Nigeria’s Special Advisor on Public Health Dr Yewande Adeshina said: “We’re actually looking at contacting over 30,000 people”
The hunt for people in contact with deadly Ebola was dramatically escalated tonight as the risk of infection spread across the globe like a giant spider’s web.
Initially health officials wanted to trace only a few hundred passengers on two planes which had carried victim Patrick Sawyer, 40.
But – as Cabinet ministers held an emergency Cobra meeting in London – the search was widened to find up to 30,000 people who could be hosting the organism which kills 90% of sufferers.
The list includes anyone at one of four airports visited by American dad-of-three Sawyer, and those in contact with him in Nigeria’s capital Lagos, home to 17 million, where he died five days ago.
Mike Noyes, of Action Aid, said: “This is the worst Ebola outbreak the world has ever seen.
“The most worrying thing is not just the numbers of people dying, but how long it is going on for.
“Most outbreaks last six weeks to two months. This one began in February and is speeding up.
“If anyone could answer the question ‘Why?’, we might be able to stop it. Instead, the reach of the spider web of infection is growing.”
Nigeria’s Special Advisor on Public Health Dr Yewande Adeshina said: “We’re actually looking at contacting over 30,000 people.”
A total of 672 have so far been killed in the outbreak which has spread across four borders in Western Africa. A team of public health experts plus £2million in emergency aid have been sent to the region by the UK.
Several airlines have now stopped flying to Liberia and Sierra Leone over concerns about the spread of the disease from Guinea.
Global medical charity Doctors Without Borders has warned the crisis is “unprecedented, absolutely out of control”.
Bart Janssens, the charity’s director of operations, warned there was no overarching vision of how to tackle Ebola.
He said: “This epidemic can only get worse, because it is still spreading in some key hotspots.
“We are extremely worried by the turn of events, particularly where there is a lack of visibility of the epidemic. If the situation does not improve quickly, there is a risk of new countries being affected.
“It is difficult to predict, because we have never known such an epidemic.”
An isolation unit for Ebola victims in Liberia’s capital, Monrovia, had become overrun tonight and patients had to be treated in their homes.
Dozens of local health workers have died treating patients. Every school in Liberia shut today and public events carrying a risk of passing the virus, including football matches, were cancelled.
Foreign Secretary Philip Hammond, who chaired the Cobra meeting said the NHS could cope with any threat posed by the virus.
Ministers discussed measures to be taken if any UK nationals in West Africa became infected.
He said the threat to the UK came from someone contracting the disease abroad and only becoming unwell in this country.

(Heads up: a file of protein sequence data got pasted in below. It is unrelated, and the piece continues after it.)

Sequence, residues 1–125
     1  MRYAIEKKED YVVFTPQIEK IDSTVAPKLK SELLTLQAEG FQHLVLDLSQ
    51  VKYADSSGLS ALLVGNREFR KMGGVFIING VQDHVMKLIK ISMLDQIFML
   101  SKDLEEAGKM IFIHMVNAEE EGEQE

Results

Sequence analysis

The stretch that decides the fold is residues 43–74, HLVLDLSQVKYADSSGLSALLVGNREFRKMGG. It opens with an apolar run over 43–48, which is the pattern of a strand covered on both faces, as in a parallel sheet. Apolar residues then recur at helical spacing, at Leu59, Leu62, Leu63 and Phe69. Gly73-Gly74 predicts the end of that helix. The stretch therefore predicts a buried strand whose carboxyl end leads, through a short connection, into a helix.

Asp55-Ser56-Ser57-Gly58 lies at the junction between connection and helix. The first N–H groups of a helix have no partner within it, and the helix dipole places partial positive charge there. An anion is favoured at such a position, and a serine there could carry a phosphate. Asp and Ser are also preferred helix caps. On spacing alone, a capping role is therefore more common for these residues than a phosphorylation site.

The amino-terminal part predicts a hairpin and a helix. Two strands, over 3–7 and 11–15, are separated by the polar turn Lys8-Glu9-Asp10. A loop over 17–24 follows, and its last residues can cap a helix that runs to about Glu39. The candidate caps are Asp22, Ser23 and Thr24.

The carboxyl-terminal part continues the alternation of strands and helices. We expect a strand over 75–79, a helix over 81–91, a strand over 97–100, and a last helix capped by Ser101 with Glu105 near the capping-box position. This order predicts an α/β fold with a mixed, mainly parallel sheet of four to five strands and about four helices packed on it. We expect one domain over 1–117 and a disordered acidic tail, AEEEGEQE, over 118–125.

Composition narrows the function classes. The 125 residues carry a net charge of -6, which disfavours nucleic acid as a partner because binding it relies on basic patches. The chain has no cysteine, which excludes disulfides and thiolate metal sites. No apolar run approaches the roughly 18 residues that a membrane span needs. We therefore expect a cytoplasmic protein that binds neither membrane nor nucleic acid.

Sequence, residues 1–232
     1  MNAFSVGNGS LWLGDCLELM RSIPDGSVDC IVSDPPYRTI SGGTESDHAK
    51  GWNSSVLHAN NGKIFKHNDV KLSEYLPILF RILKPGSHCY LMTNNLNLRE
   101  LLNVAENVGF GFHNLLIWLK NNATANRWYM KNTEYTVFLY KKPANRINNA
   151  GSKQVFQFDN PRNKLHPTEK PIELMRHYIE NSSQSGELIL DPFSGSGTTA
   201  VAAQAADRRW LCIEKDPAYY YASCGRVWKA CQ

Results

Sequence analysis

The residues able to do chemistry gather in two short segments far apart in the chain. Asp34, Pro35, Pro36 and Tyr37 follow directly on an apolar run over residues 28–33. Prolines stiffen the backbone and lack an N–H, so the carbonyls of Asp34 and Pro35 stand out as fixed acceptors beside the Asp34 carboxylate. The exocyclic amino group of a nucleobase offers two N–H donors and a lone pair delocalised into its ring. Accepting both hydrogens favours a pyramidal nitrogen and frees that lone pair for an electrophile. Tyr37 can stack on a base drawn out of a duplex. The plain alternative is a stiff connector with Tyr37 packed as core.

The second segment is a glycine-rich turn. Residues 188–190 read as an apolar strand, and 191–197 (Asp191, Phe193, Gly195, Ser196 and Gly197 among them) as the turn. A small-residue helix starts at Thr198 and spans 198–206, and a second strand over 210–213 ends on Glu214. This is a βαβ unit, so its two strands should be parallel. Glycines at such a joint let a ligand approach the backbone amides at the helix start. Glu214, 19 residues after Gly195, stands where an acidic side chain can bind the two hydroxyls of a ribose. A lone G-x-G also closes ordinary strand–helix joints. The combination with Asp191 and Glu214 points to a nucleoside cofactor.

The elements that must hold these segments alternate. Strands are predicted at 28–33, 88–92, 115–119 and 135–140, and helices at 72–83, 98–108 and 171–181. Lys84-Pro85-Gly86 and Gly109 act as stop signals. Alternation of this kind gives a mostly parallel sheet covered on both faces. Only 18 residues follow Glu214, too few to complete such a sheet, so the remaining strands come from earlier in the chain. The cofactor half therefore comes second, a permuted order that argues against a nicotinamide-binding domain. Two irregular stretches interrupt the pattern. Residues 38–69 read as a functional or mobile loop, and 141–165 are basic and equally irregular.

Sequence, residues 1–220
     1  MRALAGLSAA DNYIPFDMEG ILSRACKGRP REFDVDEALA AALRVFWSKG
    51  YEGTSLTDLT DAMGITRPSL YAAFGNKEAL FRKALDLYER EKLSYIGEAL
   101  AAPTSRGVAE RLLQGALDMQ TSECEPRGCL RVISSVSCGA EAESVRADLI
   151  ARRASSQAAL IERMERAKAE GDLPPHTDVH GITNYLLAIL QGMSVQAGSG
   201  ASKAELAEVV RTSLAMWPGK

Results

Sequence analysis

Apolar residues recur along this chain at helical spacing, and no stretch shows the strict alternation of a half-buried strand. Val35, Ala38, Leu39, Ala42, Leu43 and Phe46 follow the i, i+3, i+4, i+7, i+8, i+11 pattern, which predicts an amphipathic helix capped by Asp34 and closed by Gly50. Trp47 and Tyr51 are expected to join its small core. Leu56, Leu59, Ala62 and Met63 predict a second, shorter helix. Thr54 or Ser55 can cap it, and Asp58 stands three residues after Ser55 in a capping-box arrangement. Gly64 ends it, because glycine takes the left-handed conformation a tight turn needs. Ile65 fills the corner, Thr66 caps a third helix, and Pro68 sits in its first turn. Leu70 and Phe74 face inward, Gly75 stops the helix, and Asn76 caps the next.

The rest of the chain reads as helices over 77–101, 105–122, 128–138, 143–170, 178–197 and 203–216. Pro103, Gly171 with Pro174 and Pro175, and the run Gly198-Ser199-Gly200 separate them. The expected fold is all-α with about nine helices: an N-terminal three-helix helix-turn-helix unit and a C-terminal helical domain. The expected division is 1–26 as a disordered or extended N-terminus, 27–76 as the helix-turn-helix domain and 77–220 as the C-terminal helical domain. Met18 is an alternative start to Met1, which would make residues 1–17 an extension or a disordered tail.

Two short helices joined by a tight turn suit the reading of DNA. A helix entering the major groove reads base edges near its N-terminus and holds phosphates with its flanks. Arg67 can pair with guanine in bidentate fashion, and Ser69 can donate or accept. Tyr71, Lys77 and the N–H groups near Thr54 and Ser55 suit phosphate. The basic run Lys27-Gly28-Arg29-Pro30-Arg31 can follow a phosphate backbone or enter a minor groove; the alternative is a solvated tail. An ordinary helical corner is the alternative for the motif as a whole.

Earlier this month Public Health England issued an alert to UK doctors to be aware of Ebola.
But Mr Hammond confirmed the disease had not yet “directly” affected Britain.
He added: “In terms of the UK, the issue is is not about the disease spreading in the UK because we have frankly different standards of infection control that would make that most unlikely.
“We do not think that this is an issue affecting the UK directly.”
Health Secretary Jeremy Hunt, who was also at the meeting, said the experience of NHS staff meant “the risk of this disease spreading fast in the UK is much lower”.
He added: “We are looking at our capability but we are very confident we have very good people in the NHS, very experienced people, who will be ready to deal with anything if it were to arrive.”
The Department of Health today confirmed a test for Ebola on a man in Birmingham was negative. Another man visiting London’s Charing Cross Hospital was also given the all clear.
Dr Brian McCloskey, director of global health at Public Health England, said the outbreak was “clearly not yet under control” in West Africa.
He added: “The risk to UK travellers and people working in affected countries of contracting Ebola is low but we have alerted UK practitioners about the situation in West Africa and requested they remain vigilant for unexplained illness in those who have visited the area.”
Since the outbreak began in February, some people looking after the sick and carrying out burials, could have helped to spread the virus.
Fears of the global spread were raised after two Patrick Sawyer was allowed on two ASKY Airlines flights on July 20.
Despite vomiting and suffering from diarrhoea, he was allowed to get on a plane in Liberia, stop over in Ghana, change planes in Togo and then fly on to Nigeria.
The Liberian government official – whose sister was killed by the virus just before he set off – eventually died five days after arriving in Lagos.
He had planned to return home to Minnesota in August for two of his three daughters’ birthdays
His wife Decontee said: “My girls will never get to know their father. People think Ebola is a problem on the other side of the world.
“But Patrick could’ve easily come home with the virus.”
A Department of Health spokeswoman said: “Any patients with suspected symptoms can be diagnosed within 24 hours and they would also be isolated at a dedicated unit to keep the public safe.
“Our staff are also working with the World Health Organisation to tackle the outbreak in Africa.”
Health campaigners today called on US authorities to speed up approval of a new drug TKM-Ebola hoped to be the first effective measure against the virus, passed by human contact.